• Post-up game is essentially non-existent at the moment and will need to add a lot of strength for the NBA.

Malachi Richardson
Position: Shooting Guard
School: Syracuse
Statistics: 13.4 ppg, 4.3 rpg, 2.1 apg, 1.1 spg
Mock Draft Range: 15 – 2nd Round
Mock Draft Average: 26

Why the Pacers might pick him:

  • Richardson has the ideal height and size for an NBA wing: 6’6″ with a 7’0″ wingspan. With a nice shooting stroke from 3-point territory (35%), he could be a solid 3-and-D prospect.
  • He’s often praised for his ability to create his own shot and shots for others off the dribble, though he was wildly inefficient in converting shots.

Why the Pacers might pass if he’s available at 20:

  • Richardson shot an anemic 36% from the field. His 2-point shot percentage of 39% ranks him dead last in the category this year’s draft class. He was very inconsistent and struggled with decision making and shot selection.
  • He has athleticism that causes some of his struggles to finish at the rim. He’s not exceptionally quick and doesn’t play above the rim.

Damian Jones
Position: Center
School: Vanderbilt
Statistics: 13.9 ppg, 6.9 rpg, 1.2 apg, 1.6 bpg
Mock Draft Range: 16 – 2nd Round
Mock Draft Average: 26

Why the Pacers might pick him:

  • Great size, NBA body with a frame that has room to grow. Jones is by all accounts a high character kid and is a solid athlete. He has a high IQ on and off the court as he majored in engineering at Vandy.
  • Jones scored well on post ups (1.01 PPP on such plays) and finished at the rim at a very high rate (68%). The hope is that he develops like Festus Ezeli, who also came out of Vanderbilt.

Why the Pacers might pass if he’s available at 20:

  • Jones looks like a slow developing prospect like many bigs. He didn’t improve a ton from his sophomore to his junior year at Vanderbilt. He disappeared for frustratingly long stretches and was very inconsistent.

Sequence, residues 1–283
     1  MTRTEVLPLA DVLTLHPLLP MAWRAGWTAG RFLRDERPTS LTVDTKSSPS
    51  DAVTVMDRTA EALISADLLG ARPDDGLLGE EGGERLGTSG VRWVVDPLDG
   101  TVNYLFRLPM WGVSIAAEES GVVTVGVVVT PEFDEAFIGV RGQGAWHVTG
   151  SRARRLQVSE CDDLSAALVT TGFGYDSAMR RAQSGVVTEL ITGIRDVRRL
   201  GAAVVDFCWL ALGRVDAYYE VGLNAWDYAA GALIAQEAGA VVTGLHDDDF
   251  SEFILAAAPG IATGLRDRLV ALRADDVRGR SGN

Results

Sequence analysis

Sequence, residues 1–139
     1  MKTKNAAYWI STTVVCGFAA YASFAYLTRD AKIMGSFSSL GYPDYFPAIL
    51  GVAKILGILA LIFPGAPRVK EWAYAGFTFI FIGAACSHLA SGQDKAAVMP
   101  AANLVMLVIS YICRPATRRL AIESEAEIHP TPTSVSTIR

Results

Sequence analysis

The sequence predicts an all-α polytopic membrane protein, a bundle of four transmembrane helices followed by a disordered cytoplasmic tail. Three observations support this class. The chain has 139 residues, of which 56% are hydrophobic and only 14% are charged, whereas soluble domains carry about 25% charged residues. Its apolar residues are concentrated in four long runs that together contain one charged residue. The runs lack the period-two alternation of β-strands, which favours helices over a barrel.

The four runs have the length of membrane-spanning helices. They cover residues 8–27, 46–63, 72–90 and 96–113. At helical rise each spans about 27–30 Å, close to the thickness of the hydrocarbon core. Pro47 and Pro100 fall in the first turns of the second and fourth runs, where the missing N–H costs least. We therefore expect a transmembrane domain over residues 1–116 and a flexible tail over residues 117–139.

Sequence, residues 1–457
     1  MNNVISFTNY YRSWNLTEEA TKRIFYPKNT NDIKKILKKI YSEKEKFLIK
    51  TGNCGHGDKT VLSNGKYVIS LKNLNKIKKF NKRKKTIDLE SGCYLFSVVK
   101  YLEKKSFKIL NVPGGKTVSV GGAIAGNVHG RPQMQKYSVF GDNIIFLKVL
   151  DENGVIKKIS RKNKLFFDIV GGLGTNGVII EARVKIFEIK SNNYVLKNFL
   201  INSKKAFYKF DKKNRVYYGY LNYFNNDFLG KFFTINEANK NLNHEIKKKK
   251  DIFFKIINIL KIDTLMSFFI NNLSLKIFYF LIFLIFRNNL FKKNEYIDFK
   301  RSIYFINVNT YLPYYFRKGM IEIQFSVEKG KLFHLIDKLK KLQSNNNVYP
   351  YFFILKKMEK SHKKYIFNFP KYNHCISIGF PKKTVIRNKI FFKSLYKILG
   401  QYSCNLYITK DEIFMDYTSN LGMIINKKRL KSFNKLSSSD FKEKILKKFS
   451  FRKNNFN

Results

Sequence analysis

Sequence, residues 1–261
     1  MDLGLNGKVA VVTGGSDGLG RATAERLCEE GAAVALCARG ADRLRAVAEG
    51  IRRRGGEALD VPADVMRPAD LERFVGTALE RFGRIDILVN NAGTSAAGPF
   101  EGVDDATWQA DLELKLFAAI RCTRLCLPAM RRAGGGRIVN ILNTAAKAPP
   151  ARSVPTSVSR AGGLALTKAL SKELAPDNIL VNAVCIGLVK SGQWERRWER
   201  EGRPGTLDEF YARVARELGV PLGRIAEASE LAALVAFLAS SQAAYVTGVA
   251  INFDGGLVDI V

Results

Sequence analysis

• He doesn’t rebound as well as one would expect for a player of his size, and Jones has no jump shot as he made only 26% of midrange shots that he took last year. 

Diamond Stone
Position: Center
School: Maryland
Statistics: 12.5 ppg, 5.4 rpg, 1.6 bpg
Mock Draft Range: 20 – 2nd Round
Mock Draft Average: 2nd Round

Why the Pacers might pick him:

  • Stone is a strong, nimble 19-year-old center. More in the mold of a classic back-to-the-basket big, used to playing from the post (It could be seen as a negative if that’s not what Pacers are looking for).
  • He has a lot of offensive skill for a big: great hands, 80% free-throw shooter that shows potential for a midrange game, solid footwork in the post, and runs the floor well.

Why the Pacers might pass if he’s available at 20:

  • He has a tendency to become a black hole in the post. Stone didn’t show much willingness to find open teammates from the post when double teamed. This could also be a lack of feel for the game.
  • A big that loses focus on the defensive end and isn’t as engaged when he’s not involved in the offense.